What constitutes a positive reaction of the ovaries of the rabbit in the Friedman1 modification of the Aschheim-Zondek test for pregnancy? Of what age and weight must the test animals be? What effect does the specific gravity and the reaction of the urine have on the outcome of the test? May the ovaries be examined always by the naked eye with the assurance of correct interpretation? Which is superior in accuracy, the original or the modified Friedman technic? How much blood serum must be used instead of urine when indicated and how accurate is the result? These and other questions occur to those using this important diagnostic procedure and, while numerous articles have been published about the Friedman test, the answers are not all available from one source.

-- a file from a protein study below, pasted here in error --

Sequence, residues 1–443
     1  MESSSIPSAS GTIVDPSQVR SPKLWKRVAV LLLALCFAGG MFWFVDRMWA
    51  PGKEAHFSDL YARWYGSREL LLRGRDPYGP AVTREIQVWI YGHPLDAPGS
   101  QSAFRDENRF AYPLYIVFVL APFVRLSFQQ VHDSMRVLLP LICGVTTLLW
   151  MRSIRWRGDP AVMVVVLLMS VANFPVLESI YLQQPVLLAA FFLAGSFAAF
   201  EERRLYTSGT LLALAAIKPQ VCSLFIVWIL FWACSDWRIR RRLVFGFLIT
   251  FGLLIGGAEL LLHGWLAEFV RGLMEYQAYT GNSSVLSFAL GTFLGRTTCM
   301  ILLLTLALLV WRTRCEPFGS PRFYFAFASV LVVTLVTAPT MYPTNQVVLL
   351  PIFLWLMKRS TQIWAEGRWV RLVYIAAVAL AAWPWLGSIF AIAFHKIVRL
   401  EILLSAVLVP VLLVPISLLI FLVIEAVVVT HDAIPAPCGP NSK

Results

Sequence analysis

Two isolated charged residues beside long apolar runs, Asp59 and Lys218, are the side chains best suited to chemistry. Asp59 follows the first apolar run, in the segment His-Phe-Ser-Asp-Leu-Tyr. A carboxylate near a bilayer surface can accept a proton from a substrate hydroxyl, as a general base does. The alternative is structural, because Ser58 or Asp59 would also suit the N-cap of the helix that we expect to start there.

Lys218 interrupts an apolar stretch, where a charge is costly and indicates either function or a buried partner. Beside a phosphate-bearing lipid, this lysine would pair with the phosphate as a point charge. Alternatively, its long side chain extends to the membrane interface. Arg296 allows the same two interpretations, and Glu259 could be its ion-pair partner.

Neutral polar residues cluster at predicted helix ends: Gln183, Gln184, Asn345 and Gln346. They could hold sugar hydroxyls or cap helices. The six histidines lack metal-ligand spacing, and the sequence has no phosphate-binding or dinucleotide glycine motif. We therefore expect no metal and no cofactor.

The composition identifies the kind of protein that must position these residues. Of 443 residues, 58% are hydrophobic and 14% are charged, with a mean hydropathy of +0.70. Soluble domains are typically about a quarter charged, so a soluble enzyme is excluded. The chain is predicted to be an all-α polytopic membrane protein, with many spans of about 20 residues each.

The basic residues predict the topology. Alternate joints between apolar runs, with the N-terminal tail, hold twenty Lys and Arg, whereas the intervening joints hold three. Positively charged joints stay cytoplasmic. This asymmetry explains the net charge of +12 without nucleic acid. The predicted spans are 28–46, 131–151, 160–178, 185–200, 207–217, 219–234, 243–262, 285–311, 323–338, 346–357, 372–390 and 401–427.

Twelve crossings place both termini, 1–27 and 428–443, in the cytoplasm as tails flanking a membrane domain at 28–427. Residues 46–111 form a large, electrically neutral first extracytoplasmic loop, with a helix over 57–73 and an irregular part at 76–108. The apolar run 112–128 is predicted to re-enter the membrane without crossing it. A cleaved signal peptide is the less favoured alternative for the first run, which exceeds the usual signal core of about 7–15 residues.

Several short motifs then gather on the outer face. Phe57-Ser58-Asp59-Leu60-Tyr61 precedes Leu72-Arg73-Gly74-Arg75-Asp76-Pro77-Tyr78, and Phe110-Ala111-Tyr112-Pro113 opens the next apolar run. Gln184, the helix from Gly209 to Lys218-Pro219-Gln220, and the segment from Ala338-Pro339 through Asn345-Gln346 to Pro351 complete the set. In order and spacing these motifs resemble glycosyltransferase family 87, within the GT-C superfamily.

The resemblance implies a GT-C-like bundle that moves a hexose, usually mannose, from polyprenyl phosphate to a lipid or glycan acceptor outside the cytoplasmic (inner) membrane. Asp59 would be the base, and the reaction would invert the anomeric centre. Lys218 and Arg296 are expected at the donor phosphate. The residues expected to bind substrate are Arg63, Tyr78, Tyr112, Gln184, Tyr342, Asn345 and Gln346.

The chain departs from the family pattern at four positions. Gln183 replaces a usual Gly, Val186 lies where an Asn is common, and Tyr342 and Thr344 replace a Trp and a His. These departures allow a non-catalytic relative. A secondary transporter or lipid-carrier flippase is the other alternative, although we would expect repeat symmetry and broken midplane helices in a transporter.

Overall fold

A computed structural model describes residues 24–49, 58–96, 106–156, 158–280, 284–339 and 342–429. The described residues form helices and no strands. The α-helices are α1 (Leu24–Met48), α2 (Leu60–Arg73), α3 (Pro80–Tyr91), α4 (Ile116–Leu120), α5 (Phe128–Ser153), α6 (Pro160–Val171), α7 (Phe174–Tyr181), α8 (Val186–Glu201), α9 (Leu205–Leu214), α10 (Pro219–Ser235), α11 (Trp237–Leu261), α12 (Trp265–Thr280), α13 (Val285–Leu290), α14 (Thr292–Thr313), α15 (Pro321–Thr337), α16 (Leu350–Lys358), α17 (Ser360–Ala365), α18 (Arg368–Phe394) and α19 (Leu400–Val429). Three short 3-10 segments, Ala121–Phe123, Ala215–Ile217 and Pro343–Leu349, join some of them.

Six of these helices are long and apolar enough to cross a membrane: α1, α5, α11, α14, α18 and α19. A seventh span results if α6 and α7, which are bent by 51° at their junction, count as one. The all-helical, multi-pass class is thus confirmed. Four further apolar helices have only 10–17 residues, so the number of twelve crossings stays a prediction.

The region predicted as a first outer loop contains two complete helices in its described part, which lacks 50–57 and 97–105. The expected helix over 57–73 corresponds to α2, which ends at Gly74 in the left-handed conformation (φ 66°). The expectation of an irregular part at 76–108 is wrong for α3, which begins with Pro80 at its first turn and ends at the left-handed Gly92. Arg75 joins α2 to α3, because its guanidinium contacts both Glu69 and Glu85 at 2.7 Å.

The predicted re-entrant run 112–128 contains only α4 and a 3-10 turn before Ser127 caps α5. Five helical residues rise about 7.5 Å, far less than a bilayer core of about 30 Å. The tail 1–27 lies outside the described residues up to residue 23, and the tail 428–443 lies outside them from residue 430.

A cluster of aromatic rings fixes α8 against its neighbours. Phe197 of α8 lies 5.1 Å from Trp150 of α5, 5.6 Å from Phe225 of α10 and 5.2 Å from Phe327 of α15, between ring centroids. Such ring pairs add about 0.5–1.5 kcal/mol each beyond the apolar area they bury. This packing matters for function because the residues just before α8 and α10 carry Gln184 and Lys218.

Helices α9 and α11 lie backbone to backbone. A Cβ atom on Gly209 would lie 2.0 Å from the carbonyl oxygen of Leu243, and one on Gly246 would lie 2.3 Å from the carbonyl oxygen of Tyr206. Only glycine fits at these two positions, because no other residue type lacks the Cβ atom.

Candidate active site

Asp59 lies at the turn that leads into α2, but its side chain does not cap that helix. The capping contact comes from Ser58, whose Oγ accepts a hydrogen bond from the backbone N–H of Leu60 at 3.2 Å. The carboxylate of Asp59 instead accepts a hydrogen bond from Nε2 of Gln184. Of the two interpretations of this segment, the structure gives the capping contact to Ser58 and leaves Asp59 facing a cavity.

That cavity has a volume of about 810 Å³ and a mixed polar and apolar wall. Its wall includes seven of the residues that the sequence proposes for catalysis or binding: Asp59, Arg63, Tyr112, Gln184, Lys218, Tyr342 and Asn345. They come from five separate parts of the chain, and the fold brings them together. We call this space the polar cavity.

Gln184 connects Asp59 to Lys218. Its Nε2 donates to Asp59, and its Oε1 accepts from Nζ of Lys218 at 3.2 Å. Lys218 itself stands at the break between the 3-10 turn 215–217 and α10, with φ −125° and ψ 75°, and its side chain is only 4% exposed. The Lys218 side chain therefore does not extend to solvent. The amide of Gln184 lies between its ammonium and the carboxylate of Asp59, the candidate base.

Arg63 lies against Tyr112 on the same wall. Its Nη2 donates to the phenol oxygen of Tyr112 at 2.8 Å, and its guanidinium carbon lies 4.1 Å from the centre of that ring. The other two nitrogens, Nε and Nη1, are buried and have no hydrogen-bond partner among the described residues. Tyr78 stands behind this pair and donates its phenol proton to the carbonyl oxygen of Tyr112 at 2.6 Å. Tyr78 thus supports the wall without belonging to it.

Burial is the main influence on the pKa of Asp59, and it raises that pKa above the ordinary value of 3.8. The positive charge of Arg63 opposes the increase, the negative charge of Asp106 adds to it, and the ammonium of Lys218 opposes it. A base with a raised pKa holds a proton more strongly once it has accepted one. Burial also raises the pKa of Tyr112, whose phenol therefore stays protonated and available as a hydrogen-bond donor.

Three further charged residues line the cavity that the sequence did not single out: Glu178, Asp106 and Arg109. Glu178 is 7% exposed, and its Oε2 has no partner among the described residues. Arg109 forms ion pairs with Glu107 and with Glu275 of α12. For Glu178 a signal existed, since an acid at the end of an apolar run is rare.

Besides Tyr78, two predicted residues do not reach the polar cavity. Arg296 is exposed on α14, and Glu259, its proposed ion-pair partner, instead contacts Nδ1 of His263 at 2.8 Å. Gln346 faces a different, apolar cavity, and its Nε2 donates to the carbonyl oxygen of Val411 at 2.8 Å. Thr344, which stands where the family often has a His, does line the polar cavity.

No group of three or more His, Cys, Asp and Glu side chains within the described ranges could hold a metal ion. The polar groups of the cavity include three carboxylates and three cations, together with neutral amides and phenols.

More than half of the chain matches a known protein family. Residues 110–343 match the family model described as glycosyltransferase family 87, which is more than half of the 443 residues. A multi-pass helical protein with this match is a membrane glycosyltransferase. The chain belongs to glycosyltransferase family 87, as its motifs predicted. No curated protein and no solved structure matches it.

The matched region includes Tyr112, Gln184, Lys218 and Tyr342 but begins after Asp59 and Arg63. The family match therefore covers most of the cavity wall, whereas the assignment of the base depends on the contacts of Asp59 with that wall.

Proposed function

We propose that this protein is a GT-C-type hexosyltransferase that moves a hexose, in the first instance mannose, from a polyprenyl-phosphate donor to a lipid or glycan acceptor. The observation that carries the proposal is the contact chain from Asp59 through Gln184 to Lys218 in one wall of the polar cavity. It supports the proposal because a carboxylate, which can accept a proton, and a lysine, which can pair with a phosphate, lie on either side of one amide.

In this study between 175 and 200 doe rabbits were employed. A few of these died before routine ether extraction of
KELLY GL, WOODS EB. A QUANTITATIVE STUDY OF THE FRIEDMAN TEST FOR PREGNANCY. JAMA. 1937;108(8):615–617. doi:10.1001/jama.1937.02780080009003